Omphalocoele Cranial Fold : Pentalogy of Cantrell Epigastric omphalocoele Sternum cleft Diaphragmatic defect Ectopia cordis Cardiac anomaly .

Omphalocoele Lateral Fold omphalocoele with cord coming of the center of the sac Caudal Fold Hypogastric omphalocoele Extrophy of the bladder Imperforate anus Colonic agenesis Vesicointestinal fistula .

21 cardiac anomalies: 20% craniofacial gastrointestinal Beckwith-Wiedeman Syndrome omphalocoele visceromegaly macroglossia microcephaly hypoglycemia hyperviscosity Pentalogy of Cantrell .Omphalocoele Associated Congenital Anomalies: 75-80% chromosomal: trisomy 13. 15.

Omphalocoele Survival: 20% with heart disease 70% without heart disease Major cause of mortality cardiac defects prematurity Definitive Treatment: surgical repair .

000 absent periumbilical matted. edematous Omphalocoele 1:6.000 present within the umbilical cord normal Associated anomalies low (10-15%) intestinal atresia (15%) high (40-60%) congenital heart dis. Beckwith-Weidman syndrome .Gastroschisis Incidence Peritoneal covering/sac Location of defect Herniated bowel 1:15.000-30.

Gastroschisis Omphalocoele .

higher with gastroschisis 100-200 ml/kg/hr • Heat loss : neutral thermal environment • Difficulties of surgical closure • Associated congenital anomalies & prematurity .Abdominal Wall Defects Preoperative Management Anesthetic Concerns • Hydration / fluid status warm moist sterile saline-soaked gauze plastic bowel bag initial fluid requirement 10 -15 ml/kg/hr.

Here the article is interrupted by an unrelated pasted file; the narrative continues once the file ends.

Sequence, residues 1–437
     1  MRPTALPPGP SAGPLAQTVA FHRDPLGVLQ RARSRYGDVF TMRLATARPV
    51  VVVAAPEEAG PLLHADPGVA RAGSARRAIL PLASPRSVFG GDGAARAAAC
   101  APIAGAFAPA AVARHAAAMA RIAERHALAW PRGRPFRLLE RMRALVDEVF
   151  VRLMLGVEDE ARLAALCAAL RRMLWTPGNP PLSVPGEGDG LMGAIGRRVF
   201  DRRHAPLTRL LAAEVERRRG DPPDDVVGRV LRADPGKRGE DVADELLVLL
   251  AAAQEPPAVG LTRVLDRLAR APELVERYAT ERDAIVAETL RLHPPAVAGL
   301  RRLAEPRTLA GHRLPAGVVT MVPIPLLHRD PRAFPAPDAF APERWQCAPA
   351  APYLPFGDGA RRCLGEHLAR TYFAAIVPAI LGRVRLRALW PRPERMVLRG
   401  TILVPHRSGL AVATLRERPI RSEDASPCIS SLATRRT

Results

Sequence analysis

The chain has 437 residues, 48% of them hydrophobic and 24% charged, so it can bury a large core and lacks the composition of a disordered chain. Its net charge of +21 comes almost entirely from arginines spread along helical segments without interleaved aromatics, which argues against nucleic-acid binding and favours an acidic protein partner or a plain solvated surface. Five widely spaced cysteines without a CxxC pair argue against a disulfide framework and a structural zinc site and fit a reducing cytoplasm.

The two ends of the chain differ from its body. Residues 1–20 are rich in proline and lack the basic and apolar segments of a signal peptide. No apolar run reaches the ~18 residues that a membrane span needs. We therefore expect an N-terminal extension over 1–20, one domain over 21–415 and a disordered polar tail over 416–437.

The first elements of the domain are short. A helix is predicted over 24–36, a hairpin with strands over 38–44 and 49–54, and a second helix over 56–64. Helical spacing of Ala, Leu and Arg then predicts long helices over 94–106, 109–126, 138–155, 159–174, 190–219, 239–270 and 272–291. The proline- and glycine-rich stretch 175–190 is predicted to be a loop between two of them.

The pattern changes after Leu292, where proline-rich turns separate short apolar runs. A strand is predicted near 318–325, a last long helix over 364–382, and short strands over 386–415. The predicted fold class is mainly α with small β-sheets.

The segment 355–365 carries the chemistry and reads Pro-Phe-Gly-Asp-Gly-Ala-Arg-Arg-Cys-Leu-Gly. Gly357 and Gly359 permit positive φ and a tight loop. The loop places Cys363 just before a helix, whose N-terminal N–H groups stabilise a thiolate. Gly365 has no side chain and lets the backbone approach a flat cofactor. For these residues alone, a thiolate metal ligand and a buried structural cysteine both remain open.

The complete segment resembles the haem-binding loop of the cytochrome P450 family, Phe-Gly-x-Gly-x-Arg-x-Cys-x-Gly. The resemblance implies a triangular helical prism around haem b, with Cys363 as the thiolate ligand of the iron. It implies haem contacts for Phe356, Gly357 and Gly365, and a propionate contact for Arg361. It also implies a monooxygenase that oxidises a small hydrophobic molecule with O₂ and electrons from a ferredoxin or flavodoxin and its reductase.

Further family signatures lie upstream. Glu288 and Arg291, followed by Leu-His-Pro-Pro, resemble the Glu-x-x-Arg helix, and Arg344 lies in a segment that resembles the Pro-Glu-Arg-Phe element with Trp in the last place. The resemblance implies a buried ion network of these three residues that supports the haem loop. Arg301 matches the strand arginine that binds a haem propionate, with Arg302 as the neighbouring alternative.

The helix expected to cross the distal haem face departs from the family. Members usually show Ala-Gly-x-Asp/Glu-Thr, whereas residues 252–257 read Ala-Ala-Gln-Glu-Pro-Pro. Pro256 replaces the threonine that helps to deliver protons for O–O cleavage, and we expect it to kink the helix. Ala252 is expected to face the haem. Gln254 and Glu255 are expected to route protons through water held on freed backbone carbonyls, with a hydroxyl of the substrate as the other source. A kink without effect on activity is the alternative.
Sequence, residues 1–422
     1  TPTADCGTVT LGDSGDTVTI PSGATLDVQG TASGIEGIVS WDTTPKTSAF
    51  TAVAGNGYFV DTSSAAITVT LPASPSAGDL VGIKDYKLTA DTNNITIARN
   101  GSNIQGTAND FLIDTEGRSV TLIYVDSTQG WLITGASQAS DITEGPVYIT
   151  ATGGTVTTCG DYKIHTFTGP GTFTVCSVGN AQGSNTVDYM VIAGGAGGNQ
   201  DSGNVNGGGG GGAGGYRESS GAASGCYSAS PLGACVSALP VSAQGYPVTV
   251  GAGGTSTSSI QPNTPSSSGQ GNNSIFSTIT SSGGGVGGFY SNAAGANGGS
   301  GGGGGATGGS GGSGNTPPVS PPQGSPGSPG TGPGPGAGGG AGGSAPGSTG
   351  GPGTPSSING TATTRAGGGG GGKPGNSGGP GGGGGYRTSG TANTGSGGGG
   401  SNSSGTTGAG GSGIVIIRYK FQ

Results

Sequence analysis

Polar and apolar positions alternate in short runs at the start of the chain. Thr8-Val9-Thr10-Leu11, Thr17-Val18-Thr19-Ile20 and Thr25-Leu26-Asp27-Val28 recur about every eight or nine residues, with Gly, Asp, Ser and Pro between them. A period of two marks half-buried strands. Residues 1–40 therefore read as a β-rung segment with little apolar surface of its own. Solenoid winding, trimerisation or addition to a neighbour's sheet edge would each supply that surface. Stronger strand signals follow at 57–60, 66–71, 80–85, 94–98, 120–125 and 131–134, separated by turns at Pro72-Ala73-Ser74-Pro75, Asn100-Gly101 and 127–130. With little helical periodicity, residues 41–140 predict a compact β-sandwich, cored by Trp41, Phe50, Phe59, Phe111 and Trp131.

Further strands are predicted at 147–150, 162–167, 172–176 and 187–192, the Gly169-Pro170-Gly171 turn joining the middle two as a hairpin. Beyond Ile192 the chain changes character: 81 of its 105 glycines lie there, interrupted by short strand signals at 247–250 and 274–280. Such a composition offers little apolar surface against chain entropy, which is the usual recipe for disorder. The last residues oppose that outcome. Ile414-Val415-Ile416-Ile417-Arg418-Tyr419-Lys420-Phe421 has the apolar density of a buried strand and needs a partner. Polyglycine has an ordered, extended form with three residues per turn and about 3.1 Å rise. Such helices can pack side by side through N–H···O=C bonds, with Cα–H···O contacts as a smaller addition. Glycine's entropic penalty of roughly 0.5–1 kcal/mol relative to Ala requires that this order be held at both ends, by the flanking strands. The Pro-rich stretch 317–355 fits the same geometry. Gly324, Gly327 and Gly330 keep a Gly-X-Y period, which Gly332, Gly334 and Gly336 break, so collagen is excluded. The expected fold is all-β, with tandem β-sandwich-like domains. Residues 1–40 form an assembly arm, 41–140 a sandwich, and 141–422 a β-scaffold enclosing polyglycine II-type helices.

Abdominal Wall Defects Preoperative Management • Infection and postop nutrition • Postoperative ventilation • Airway • Metabolic status • Aspiration precautions • Direct trauma to herniated organ .

Abdominal Wall Defects Preoperative Management Lab workup CBC Electrolytes and Glucose ABG Ancillary Procedures CXR Echocardiography .

Abdominal Wall Defects Intraoperative Management Premedication: ± atropine IV access: 2 large bore IVs preferably above the diaphragm Monitors: ASA standard : 2 pulse oximeters invasive: arterial line ± CVP foley catheter intraop airway pressures .

Abdominal Wall Defects Intraoperative Management Choice of Anesthesia general anesthesia spinal (reported) in selected patients Induction decompress the stomach rapid sequence IV induction with cricoid pressure or inhalation induction and intubation or awake intubation .

Abdominal Wall Defects Intraoperative Management Maintenance of Anesthesia • Opiate technique or judicious use of inhalational agents • Avoid nitrous oxide • Adjust FiO2: PaO2 50-70 mmHg SpO2 97-98% term 87-92% preterm • Muscle relaxant facilitates abdominal closure .

2% NS 3rd space loss replacement isotonic fluid 10 -15 ml/kg/hr blood loss from adhesions .Abdominal Wall Defects Intraoperative Management Prevent hypothermia full access body hugger increase room temp fluid warmer heating blanket plastic wrap Fluid requirement maintenance: D5 0.

Abdominal Wall Defects Intraoperative Management Surgical Closure • optimal method remains controversial 1) primary fascial closure : 80% ± intraop and postop muscle paralysis 2) staged repair silicone elastometer pouch primary skin closure .